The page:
Bass fishing is great.  Bass are being caught in shallow water at 3 to 10 feet.  Also, there are a good number of fish remaining deep.  The primary key right now for catching shallow fish seems to be rocky bottoms or clay and rock mixed, especially near the mouth of coves.  Some of these areas tend to be a couple degrees warmer which means more aggressive fish.  Concrete seawalls are also holding fish for the same reason.  A slow-rolled spinner bait is another good bait choice.  For a fast bite use the Berkley Square Bill 7.5 and 8.5 Special Craw 2 Brown Craw.  Try the Suspending Rogue 18 in clown color.  Retrieve the blade bait just fast enough to keep it from turning sideways on the bottom.  Another good choice that is seldom used as a slow-moving bait is a Rat L Trap.  This bait can be slow rolled like using a spinner bait.  Also, try using a retrieve like a medium speed Carolina rig.  Jigs, Texas rigs, and Carolina rigs can also produce fish from the same areas.  Docks, boat houses and rip rap are also holding fish.  Deeper fish can be found on points along the main river and creek runs.  Depths are varying from 8 to over 20 feet deep.  Carolina rigs are probably the number one choice, but other baits should not be overlooked.  These include crank baits, drop shot rigs, Little Georges, jig head and worm, and Rocket Shad. 


Bass fishing is fair.  This week can be on and off action depending on the sunlight warming the waters.  On sunny days, the bite will improve so stay with the slow-moving baits and a jig and pig or a spot sticker and a finesse worm can work.  Stick with natural colors like greens, blacks, and browns.  Dip the bait in JJ’s Magic to increase the number of bites.  Later in the month when water temps begin to get and stay near 50, the bite will get much better.  Then try faster moving baits like a Bandit or Bomber crank bait on hard bottom banks.  Also target wood structure with a slow rolled ½-ounce Redemption spinnerbait with a chartreuse skirt.  The ends of docks and blow downs will hold some big females.  Strike King has a Chick Magnet that can tempt finicky fish.  It runs 3 to 6 feet deep and use a clear one in clear water and then get the one with the most chartreuse on the sides.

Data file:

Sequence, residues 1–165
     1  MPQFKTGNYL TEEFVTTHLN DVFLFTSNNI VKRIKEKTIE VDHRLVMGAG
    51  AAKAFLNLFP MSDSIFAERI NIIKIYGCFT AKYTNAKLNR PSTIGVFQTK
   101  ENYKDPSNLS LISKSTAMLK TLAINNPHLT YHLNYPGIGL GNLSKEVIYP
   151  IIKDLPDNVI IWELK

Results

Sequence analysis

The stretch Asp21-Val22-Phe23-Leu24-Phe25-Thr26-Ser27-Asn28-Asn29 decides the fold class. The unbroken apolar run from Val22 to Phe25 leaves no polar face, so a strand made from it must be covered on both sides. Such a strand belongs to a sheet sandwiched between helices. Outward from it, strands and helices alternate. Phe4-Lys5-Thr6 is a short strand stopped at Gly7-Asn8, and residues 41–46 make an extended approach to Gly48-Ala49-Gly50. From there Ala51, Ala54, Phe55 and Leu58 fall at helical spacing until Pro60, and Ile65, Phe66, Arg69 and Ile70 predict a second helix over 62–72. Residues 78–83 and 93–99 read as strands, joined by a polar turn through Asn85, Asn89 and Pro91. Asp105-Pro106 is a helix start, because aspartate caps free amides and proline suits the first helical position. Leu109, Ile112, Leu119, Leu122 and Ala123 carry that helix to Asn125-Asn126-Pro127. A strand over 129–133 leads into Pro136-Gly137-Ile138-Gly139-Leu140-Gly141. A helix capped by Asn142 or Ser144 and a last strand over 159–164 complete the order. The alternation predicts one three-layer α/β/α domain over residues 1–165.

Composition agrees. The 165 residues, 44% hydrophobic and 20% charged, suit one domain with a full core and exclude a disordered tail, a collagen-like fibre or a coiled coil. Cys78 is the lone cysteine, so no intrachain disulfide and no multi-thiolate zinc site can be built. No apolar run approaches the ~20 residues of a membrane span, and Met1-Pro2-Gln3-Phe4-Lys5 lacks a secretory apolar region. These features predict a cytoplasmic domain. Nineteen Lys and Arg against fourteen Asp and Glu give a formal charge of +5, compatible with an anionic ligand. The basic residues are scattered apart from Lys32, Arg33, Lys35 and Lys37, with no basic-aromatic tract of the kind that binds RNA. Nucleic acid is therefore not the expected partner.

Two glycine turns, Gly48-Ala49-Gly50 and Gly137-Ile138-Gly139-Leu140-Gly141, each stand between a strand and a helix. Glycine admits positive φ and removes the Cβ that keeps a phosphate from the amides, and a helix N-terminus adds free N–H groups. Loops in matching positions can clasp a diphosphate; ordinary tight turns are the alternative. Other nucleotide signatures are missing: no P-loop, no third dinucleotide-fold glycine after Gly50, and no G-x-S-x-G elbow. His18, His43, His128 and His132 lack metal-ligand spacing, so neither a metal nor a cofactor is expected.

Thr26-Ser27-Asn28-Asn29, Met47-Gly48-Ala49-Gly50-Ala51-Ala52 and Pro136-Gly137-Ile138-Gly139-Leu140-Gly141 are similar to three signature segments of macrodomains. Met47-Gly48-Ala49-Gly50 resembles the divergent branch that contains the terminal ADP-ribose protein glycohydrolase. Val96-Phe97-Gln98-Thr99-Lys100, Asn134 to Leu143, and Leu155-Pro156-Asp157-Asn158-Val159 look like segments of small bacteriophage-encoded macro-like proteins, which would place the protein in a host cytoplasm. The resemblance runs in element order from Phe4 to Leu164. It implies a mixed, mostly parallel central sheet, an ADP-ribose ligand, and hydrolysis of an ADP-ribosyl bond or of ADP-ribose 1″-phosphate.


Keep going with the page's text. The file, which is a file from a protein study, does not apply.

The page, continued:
• Flat Creek PFA manager Maxie Gray with an 8 lb, 9 oz largemouth bass.

    Surface Temperature: 65.4 F (18.6˚ C)

  • Water Level: 52” below full pool
  • Water Visibility: 22”
  • Flat Creek PFA Fishing Guide

Anglers are reporting an increase in the number of channel catfish caught and are expecting the number to continue to rise as the water temperature rises.  Catches are reported being in the 5-7 lb. range.  Bass are continuing to bite and can be found in shallower waters as they are on the bed through the next month.  Anglers are reporting a fair number of crappie being caught both from boats and the fishing pier.  Bream fishermen should start targeting areas with sandy bottoms and the submerged road that crosses the lake.  These areas are good spawning habitat for bream.  Here is a list of what the anglers are reporting to have had good success using for each of the following:

  • Largemouth Bass: Bass have been hitting a variety of lures. rattletraps, crankbaits, and topwater lures are a good place to start.
  • Bream: Red wigglers continue to produce bream.
  • Channel Catfish: Anglers are using chicken livers, live baitfish, and cut baitfish.  One angler reported catching catfish with a topwater lure.
  • Crappie: Anglers are reporting that using live minnows and crappie jigs are producing catches.

PFA manager Maxie Gray with an 8 lb. 9 oz. largemouth bass.


Bass:  The bass spawn is mostly finished.   The females have moved off the bank.   Now is a good time to catch the males and enjoy a fish fry.   Try throwing a rooster tail or inline shiner along with bank.   Plastic lizards and crank and jerk baits that mimic a shad should work well also.

Crappie:  Most of the crappie have spawned already but are still in shallow water.   Minnows and jugs are your best bet.   Keep trying different depths around and over the top of brush.

Bream: The shellcracker will be spawning this month.  Wax worms, small in-line spinners, and crickets are great choices.   If the male is guarding the bed, it may take many attempts to get him to eventually bite.   The bluegill will begin to move shallow this month.  The same bait used for shellcracker will work just as well for bluegill.